However, having an invisible ‘bad guy’ means you have to tell your audience when he’s in the room without actually showing him, and in this aspect, Whannell succeeds to a T. His camera work eerily brings the invisible man to life, and the film exhibits the ‘feeling‘ of being watched- that feeling you get when you’re home alone, but it doesn’t feel like it for some odd reason. This feeling also translates from this to being the survivor of abuse.

Image still from Invisible Man- Aldis Hodge and Storm Reid are standing in a door way, looking at something off camera.
Image courtesy of Universal Pictures

The film also requires a lot of body acting, and of course, Elizabeth Moss kills it! She takes on the task boldly and throws herself around physically, totally committed to the role. She also takes on the emotional aspect magnificently, which honestly comes as no surprise when thinking of her film history before this. But she honestly never ceases to amaze me.

While Elizabeth Moss was very much a starlight shining throughout the film, credit is definitely due to supporting actors Aldis Hodge and Storm Reid. Their physical acting as well as their connection to Elizabeth through high-intensity moments was vital to keeping up the momentum driven by Moss and the plot. Storm Reid is a young star, and she convinced me through every moment she was on screen. Harriet Dyer who plays Cecilia’s sister, Emily, did the best with what she was given, I believe. Her character was completely un-fleshed out and came off harsher than expected, but she still played well in the film.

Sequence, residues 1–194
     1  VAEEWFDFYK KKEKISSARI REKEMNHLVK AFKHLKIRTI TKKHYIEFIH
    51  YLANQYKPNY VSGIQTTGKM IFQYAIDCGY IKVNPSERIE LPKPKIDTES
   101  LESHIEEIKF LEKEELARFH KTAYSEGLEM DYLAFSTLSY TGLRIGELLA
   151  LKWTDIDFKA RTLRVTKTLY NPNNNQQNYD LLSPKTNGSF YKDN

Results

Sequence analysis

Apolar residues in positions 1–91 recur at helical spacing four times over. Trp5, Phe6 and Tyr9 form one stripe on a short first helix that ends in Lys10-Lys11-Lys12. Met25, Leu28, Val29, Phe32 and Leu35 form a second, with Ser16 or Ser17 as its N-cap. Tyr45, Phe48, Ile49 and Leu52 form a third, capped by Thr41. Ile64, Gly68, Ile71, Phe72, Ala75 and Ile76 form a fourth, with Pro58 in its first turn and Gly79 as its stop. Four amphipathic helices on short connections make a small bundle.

Overall, the film works so well because of the camerawork, the technicalities, and the strong performances from each actor. Whannell has always known how to push gore and uncomfortable moments just enough that gets you squirming without making you shut down completely. And he definitely puts his main heroine through the ringer in some very harrowing moments, but he never makes her a damsel without a will. She keeps her wits and her dignity, and I respect that display Whannell made of her in the end.

The Invisible Man was reinvented perfectly for the modern day it was created for. It is a nuanced haunting tale that reaches into the core of real life fears and translates them through supernatural anecdotes. And there is no doubt that the fear was captured brilliantly, even through small mishaps. However, in a time of #MeToo and push for fundamental change, the question is: Does this film just play on the real-life horrors of others, or is it genuinely trying to translate meaning through media output?